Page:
Look to him that you may be radiant with joy,
and your faces may not blush with shame.
When the poor one called out, the LORD heard,
and from all his distress he saved him.
An excerpt from our newest pamphlet "The Grace of Shame."
Shame is not necessarily a bad thing. It can be signal of a wrong doing and a motivating factor for those impacted by abortion to seek help.
Celebrating the Feast of St. Ignatius with fellow Jesuits, Pope Francis said, “We look at the wisdom of Christ and our ignorance, at his omnipotence and our weakness, at his justice and our inequity and at his goodness and our badness... We ask for the grace of shame, the shame that comes from a continuous conversation of mercy with him, and the shame that makes us blush before Jesus Christ.”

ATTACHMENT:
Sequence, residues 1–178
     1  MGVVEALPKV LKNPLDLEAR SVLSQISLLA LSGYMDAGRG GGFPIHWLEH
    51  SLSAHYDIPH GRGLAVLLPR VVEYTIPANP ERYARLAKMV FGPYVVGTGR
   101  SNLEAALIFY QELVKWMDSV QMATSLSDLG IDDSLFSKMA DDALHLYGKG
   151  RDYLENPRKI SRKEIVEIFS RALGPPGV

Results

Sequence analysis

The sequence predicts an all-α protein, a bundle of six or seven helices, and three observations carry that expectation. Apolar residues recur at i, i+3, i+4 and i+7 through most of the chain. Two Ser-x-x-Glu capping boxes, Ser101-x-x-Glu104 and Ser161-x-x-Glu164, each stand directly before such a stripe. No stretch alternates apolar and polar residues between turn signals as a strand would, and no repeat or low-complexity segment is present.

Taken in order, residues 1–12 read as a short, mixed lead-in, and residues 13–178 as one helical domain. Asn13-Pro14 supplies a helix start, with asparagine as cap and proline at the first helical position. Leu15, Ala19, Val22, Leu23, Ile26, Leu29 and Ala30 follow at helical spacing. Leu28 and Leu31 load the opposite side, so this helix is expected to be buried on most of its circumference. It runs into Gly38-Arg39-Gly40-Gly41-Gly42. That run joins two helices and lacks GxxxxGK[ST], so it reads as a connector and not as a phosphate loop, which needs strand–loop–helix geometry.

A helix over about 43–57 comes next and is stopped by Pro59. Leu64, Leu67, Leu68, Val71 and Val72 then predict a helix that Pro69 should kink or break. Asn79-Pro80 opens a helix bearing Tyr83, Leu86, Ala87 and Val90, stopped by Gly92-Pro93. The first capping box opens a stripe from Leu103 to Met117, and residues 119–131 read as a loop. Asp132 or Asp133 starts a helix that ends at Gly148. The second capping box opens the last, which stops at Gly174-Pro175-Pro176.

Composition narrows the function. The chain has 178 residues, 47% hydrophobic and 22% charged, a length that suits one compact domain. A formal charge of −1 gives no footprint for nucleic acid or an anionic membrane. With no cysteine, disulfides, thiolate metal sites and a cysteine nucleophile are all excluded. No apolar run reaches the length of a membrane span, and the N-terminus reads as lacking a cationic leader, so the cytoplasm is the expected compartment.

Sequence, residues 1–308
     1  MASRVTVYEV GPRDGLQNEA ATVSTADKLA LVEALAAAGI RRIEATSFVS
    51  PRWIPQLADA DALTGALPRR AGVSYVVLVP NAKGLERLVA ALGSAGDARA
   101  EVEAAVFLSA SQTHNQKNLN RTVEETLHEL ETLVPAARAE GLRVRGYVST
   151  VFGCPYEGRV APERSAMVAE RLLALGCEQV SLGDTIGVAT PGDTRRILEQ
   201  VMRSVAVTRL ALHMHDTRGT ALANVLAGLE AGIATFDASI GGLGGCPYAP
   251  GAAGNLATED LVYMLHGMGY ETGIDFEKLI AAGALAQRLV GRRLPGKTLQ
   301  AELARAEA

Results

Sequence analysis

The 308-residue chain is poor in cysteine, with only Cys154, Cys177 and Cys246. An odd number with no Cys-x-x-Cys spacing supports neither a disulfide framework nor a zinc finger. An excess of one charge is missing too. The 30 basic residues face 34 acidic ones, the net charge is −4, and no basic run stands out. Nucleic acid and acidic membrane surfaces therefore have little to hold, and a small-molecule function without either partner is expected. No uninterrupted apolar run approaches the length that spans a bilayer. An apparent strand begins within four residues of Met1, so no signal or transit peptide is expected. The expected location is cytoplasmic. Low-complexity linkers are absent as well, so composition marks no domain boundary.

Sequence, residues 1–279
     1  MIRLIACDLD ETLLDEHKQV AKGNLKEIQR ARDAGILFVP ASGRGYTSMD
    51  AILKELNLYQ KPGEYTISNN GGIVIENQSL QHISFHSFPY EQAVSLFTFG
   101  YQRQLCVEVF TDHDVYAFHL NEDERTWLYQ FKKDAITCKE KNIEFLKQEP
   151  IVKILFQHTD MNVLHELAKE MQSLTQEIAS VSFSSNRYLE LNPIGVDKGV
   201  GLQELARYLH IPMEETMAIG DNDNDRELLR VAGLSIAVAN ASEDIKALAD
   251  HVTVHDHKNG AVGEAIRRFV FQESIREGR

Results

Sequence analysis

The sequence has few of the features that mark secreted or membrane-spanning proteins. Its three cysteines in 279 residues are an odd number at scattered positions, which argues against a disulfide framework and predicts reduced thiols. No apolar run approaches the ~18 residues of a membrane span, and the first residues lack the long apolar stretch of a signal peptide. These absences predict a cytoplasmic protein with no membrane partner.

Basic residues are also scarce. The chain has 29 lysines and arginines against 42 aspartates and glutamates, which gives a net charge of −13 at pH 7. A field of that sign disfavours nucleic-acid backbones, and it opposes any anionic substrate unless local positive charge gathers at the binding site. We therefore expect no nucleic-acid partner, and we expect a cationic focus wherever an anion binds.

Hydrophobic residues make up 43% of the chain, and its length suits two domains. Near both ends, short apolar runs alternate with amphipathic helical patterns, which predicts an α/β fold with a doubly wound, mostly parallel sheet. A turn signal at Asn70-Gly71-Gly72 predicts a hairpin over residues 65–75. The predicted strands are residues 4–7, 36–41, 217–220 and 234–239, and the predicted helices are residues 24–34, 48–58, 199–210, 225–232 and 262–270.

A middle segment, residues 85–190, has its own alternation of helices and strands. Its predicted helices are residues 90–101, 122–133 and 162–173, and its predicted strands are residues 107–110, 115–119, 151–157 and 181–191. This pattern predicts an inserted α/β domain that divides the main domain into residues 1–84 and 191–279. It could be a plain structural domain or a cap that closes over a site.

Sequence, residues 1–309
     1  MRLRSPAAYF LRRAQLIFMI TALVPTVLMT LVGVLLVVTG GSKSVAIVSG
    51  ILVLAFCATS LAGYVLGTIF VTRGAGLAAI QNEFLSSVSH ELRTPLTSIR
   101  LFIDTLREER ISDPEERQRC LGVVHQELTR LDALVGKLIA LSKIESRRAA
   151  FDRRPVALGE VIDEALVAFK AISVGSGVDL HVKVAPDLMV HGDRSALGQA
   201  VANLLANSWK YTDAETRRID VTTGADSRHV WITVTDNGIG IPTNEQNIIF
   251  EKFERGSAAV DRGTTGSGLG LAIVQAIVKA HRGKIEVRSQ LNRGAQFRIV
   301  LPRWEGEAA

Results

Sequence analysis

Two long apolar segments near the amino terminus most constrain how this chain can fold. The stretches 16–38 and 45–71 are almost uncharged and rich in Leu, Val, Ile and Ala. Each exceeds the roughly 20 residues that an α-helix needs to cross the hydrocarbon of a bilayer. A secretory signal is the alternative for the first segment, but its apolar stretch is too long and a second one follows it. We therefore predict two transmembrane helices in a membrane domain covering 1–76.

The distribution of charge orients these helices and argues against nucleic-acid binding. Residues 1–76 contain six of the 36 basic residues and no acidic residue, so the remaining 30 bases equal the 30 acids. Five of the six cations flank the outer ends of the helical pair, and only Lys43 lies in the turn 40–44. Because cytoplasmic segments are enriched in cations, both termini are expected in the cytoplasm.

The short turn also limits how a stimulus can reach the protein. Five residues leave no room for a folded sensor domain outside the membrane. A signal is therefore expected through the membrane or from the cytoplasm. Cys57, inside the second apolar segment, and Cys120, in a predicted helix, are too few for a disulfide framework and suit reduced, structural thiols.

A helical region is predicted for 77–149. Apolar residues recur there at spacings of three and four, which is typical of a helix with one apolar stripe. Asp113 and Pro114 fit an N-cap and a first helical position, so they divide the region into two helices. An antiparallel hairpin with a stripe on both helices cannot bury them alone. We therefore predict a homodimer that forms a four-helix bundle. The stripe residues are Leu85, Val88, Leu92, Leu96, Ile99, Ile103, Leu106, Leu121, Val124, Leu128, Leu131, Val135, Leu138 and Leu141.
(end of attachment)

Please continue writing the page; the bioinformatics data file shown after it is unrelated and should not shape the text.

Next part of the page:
The remedy for shame is humility. An admittance of what we have heard over and over in the scriptures. A deep acknowledgment that without God, we are all capable of any sin and that it is Him and His love and mercy alone that brings us out of the darkness, that of ourselves we are nothing, but through Him all good things come.
If we truly believe this, we would see the “grace” of shame for we would know that each and every one of us, no matter what the sin, is saved only through the grace of God. Our sinfulness would not surprise us, but instead humble us knowing our need for dependence on Him. Then, the brilliance of the light of His glory will surely outshine this shame leaving us gazing at the goodness of the Lord instead of ourselves.